I was working on writing some integration tests, and needed to quickly get the database to a clean state between them. Dropping and recreating the database would take too long, but, if I could easily delete all the data, then I could populate with what I needed for each test…with MS SQL Server, you can use the stored proc sp_MSForEachTable to run SQL against each table. The following code uses the proc, disabling triggers, and constraints so it can delete all data, then enables them again
public static void PurgeData()
using (var conn = new SqlConnection(ConnectionString))
var cmdText = new StringBuilder();
cmdText.AppendLine("EXEC sp_MSForEachTable 'DISABLE TRIGGER ALL ON ?'");
cmdText.AppendLine("EXEC sp_MSForEachTable 'ALTER TABLE ? NOCHECK CONSTRAINT ALL'");
cmdText.AppendLine("EXEC sp_MSForEachTable 'DELETE FROM ?'");
cmdText.AppendLine("EXEC sp_MSForEachTable 'ALTER TABLE ? CHECK CONSTRAINT ALL'");
cmdText.AppendLine("EXEC sp_MSForEachTable 'ENABLE TRIGGER ALL ON ?'");
using (var sqlCmd = new SqlCommand(cmdText.ToString(), conn))
Hope this helps you out.
This can be done simply through SQL Server Management Studio 2012
- Right click on the “Databases” folder under your server and select “Import Data-tier Application…”
- Hit “Next” to get past the intro
- Select “Import from Windows Azure”
- Pick your storage account, container, file, etc
- Click Next
I did something stupid, and accidentally pushed some .pubxml files to a public GitHub repo that contained passwords.
I fixed up my .gitignore file, which took care of part of it, but if you viewed the history, the password were still exposed.
After much mucking about, this magical line, obliterated any trace of the file in my repo.
git filter-branch --index-filter "git rm --cached --ignore-unmatch *.pubxml" --prune-empty --tag-name-filter cat -- --all
Then this line, forced an update of the entire repo to GitHub, history and all.
git push origin --force --all
…that was a close call.
I have to take partial screenshots when creating emails or documentation almost every day. I’m not a fan of installing extra tools unless they’re simple, and truly save me time. A few seconds isn’t enough. This is one of those cases, typically I’ll just take the screenshot with PrintScreen, or Alt-PrintScreen, paste it into mspaint, select and copy the part I need, and move on.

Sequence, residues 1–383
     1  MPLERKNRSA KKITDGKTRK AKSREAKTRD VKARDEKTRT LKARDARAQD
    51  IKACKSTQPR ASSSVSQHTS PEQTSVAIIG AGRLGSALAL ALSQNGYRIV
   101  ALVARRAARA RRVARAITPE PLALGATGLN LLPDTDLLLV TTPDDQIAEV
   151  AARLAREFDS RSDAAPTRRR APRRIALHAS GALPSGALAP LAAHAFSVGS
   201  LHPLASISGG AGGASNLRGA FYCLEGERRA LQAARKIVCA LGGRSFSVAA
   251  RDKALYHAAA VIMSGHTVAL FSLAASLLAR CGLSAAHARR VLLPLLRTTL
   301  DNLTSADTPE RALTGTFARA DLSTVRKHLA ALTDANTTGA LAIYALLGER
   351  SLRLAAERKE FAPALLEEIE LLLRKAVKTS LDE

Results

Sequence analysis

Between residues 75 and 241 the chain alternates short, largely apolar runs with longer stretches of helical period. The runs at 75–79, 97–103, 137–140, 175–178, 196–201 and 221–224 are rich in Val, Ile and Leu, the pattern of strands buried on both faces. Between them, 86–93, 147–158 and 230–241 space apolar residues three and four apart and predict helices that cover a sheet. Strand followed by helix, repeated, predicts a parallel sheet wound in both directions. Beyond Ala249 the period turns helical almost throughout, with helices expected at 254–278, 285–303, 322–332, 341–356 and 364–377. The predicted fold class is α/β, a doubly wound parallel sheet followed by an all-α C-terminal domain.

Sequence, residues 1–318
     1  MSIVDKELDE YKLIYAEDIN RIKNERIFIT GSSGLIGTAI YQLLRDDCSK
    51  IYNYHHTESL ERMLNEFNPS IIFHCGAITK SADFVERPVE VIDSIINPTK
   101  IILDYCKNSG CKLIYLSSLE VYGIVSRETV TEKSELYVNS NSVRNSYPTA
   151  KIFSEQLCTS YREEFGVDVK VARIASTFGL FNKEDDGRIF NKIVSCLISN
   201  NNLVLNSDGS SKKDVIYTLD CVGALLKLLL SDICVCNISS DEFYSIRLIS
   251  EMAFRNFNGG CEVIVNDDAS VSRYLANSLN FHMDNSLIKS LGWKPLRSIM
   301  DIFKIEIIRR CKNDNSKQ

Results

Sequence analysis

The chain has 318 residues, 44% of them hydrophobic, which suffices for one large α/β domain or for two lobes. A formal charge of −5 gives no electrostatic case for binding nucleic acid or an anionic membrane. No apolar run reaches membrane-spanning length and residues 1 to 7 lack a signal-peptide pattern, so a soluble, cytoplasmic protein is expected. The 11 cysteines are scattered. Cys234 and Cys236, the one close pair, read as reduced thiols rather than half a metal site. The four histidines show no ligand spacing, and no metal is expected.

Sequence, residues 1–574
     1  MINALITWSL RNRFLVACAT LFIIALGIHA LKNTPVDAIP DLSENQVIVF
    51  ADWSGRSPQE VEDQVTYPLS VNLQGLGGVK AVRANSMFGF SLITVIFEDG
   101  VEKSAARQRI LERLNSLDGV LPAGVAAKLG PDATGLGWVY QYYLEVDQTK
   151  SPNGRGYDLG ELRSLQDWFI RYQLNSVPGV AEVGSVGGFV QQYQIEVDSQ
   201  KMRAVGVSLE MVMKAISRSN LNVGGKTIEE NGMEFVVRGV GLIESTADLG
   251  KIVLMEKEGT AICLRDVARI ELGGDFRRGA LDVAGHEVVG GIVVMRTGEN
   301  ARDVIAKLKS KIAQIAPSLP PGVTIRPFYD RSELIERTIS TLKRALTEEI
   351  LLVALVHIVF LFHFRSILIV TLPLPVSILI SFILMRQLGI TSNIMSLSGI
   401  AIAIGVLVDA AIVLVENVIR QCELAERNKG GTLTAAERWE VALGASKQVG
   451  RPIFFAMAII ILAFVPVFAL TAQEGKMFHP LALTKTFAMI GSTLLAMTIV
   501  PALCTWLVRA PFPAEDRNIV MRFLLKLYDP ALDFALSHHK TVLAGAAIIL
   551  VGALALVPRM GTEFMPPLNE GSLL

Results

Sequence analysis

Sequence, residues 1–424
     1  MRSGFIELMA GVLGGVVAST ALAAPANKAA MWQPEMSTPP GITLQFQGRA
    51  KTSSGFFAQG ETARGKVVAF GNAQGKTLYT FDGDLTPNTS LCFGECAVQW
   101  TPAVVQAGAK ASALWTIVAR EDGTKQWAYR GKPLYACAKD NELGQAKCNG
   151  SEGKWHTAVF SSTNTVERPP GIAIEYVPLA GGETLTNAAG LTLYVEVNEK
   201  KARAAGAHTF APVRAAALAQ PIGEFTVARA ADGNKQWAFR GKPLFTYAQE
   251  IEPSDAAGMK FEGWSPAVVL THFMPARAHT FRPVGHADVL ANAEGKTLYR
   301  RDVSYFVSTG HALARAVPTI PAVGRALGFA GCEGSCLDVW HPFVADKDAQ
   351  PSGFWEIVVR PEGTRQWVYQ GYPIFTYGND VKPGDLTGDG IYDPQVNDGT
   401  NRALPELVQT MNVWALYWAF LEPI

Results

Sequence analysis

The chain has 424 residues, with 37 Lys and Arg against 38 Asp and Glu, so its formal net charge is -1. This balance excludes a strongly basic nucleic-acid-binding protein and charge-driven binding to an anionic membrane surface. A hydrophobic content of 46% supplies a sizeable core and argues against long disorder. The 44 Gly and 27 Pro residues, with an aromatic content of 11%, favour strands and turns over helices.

However, windows already has a tool for taking partial snapshots of the screen, it’s called “Snipping Tool“. It works for most cases, and that’s enough for me.
We just need a quick way to open it. So, hit the windows key to open the start menu and type Snipping Tool, right click on it, and select properties. Focus in Shortcut key, and hit a key combination to open it. Mac has a similar tool already bound to Cmd-Shift-4, so I bound the snippet tool to Ctrl-Shift-4.
Now, I just hit Ctrl-Shift-4, and the screen goes partially opaque. I highlight a section of the screen, and it’s automatically put in my clipboard. It’s also opened in the snipping tool, but I just close it without saving changes (Alt-F4). Then paste the partial screenshot in my email or document.
Shift-Right click a folder in windows explorer and tada!
I recently had to keep retesting an installer, part of it’s actions were to install a print driver, but to be able to keep testing, I had to remove the driver from the computer, not just the printer. So, here’s how it’s done, in case someone else needs to do this.
- Find your driver name. (ex.“Brother MFC-J6520DW Printer”)
- In “Devices and Printers” remove all printers using the driver from step 1
- Open Regedit.
- Navigate to (on 32 bit(x86) computers) “HKEY_LOCAL_MACHINE\SYSTEM\CurrentControlSet\Control\Print\Environments\Windows NT x86\Drivers\Version-3”
- Or (on 64 bit(x64) computers) “HKEY_LOCAL_MACHINE\SYSTEM\CurrentControlSet\Control\Print\Environments\Windows x64\Drivers\Version-3”
- And then remove the folder that matches the printer driver name.
- Open Services, and restart the print spooler service
If you’re like me, you always want Visual Studio opening as Administrator, allowing it to install services, and do whatever you need it to do. But you often forget to right click and “Run as Administrator”. Or you just want to be able to use the pinned shortcuts on the task bar. It’s really amazingly simple to make it always run as an administrator, just follow these simple steps:
- Right Click on “devenv.exe” in Explorer
- Click “Troubleshoot compatibility”
- Click “Troubleshoot program”
- Check “The program requires additional permissions”
- Click “Next”
- Click “Test the program…“. It should launch Visual Studio as Administrator
- Click “Next”
- Click “Yes, save these settings for this program”
- Click “Close the troubleshooter”
You can revert by following the same steps, but unchecking “The program requires additional permissions”